However, on the final day of MC-13, India took yet another U-Turn. Goyal said he agreed to the renewal of the moratorium upon the request of the UAE trade minister, Dr Thani bin Ahmed Al Zeoudi, who is also the chair of the ministerial conference. “He is a friend, and out of friendship, I agreed,” Goyal told reporters.


The evolution of the digital economy has brought forth new challenges and complexities that were not envisaged when the moratorium was first introduced. Issues such as data privacy, cybersecurity, and intellectual property rights now occupy center stage, prompting calls for a comprehensive reevaluation of existing trade rules. Indonesia argued that renewing the moratorium without addressing these concerns would be premature and may exacerbate existing regulatory gaps.

“Indonesia also believes that governments need to be free to impose tariffs in response to rapid change in the digital world,” said Askolani, director general of customs and excise at the country’s Ministry of Finance.

According to the WTO, the potential tariff loss to developing countries is around $10 billion, further emphasizing the significant economic implications at stake in the debate surrounding the e-commerce moratorium.

Indonesia was one of India’s staunchest allies in opposition against WTO negotiations. However, they were completely unaware of India’s decision to drop the opposition to the e-commerce moratorium. It continued to oppose the moratorium till the final hours of the meeting, before eventually relenting under pressure as well.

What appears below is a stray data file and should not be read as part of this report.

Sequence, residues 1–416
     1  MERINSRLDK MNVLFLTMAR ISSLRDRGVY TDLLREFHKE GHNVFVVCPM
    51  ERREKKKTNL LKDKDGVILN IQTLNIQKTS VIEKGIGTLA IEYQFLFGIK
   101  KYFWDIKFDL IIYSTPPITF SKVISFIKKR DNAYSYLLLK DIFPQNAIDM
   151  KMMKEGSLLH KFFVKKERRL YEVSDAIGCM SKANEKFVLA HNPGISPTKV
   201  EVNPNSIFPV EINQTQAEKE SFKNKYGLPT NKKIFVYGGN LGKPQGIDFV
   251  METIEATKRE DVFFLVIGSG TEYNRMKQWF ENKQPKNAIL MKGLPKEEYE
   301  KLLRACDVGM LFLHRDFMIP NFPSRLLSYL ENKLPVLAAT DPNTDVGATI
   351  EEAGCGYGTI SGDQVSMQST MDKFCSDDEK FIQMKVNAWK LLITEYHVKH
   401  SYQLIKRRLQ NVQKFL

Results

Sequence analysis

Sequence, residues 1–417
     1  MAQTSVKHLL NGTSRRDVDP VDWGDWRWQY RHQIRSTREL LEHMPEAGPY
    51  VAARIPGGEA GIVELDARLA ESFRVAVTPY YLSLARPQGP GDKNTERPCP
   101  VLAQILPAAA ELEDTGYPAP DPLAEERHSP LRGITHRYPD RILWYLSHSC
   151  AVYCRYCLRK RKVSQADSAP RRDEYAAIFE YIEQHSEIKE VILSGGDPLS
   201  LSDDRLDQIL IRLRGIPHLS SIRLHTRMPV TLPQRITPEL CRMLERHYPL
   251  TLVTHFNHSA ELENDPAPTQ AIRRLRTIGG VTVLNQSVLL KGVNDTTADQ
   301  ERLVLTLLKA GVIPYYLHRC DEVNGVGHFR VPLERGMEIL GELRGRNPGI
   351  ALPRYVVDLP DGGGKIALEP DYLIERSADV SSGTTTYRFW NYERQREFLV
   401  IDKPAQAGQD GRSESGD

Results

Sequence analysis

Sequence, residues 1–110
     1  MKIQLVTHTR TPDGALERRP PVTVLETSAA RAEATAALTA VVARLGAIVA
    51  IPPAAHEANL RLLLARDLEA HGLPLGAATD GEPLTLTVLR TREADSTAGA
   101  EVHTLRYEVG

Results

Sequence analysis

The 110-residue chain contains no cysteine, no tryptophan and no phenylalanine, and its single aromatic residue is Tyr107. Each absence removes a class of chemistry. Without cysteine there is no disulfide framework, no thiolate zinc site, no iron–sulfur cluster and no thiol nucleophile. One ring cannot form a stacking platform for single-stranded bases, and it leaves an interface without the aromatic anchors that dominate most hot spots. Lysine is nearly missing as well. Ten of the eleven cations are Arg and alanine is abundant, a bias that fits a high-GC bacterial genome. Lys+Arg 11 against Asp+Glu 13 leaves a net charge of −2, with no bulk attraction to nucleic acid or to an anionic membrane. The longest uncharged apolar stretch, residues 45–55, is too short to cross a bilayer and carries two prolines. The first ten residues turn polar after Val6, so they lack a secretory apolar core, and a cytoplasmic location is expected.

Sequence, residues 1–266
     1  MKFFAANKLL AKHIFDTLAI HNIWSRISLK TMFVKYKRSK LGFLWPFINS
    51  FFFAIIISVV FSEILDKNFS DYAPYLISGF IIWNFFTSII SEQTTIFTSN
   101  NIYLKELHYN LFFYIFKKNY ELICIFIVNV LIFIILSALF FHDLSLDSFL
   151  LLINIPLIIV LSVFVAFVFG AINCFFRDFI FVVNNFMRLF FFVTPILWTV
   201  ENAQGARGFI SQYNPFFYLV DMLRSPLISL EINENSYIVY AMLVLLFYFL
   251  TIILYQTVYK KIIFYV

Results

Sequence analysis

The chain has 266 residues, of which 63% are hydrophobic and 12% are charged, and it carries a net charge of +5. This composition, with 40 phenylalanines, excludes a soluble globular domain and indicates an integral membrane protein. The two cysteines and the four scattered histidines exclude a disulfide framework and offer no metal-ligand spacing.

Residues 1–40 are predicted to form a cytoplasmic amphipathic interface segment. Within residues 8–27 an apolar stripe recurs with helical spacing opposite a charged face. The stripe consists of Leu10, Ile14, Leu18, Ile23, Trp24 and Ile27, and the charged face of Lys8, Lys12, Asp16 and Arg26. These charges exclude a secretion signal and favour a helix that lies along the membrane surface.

Potential implications of WTO’s tariff moratorium expiration

Over the years the moratorium has its fair share of advocates and critics both. While some believe that it’s essential to have the moratorium in place, others think that it disproportionately benefits tech giants from advanced economies, exacerbating existing inequalities. However, allowing the e-commerce moratorium to expire could have profound implications for the digital trade landscape.

One immediate consequence would be the imposition of tariffs on digital trade transactions, including the downloading of digital content on streaming services and other cross-border digital services. Such tariffs could lead to increased costs for consumers, stifling demand and hindering the growth of the digital economy.

The expiration of the moratorium could trigger a wave of regulatory fragmentation as countries rush to implement their own rules and tariffs on digital trade.

This fragmentation could create barriers to entry for small and medium-sized enterprises (SMEs), limiting their ability to compete globally. It could also escalate trade tensions between major trading partners, further complicating efforts to reach consensus on international trade agreements.

It could also create a climate where startups and small businesses struggle to navigate a patchwork of regulations and tariffs, diverting resources away from innovation and growth. Higher costs associated with tariffs on digital trade transactions may deter investment in new technologies and limit the ability of entrepreneurs to compete globally. This could particularly affect industries such as fintech, artificial intelligence, and digital healthcare, where cross-border collaboration and market access are crucial for advancement.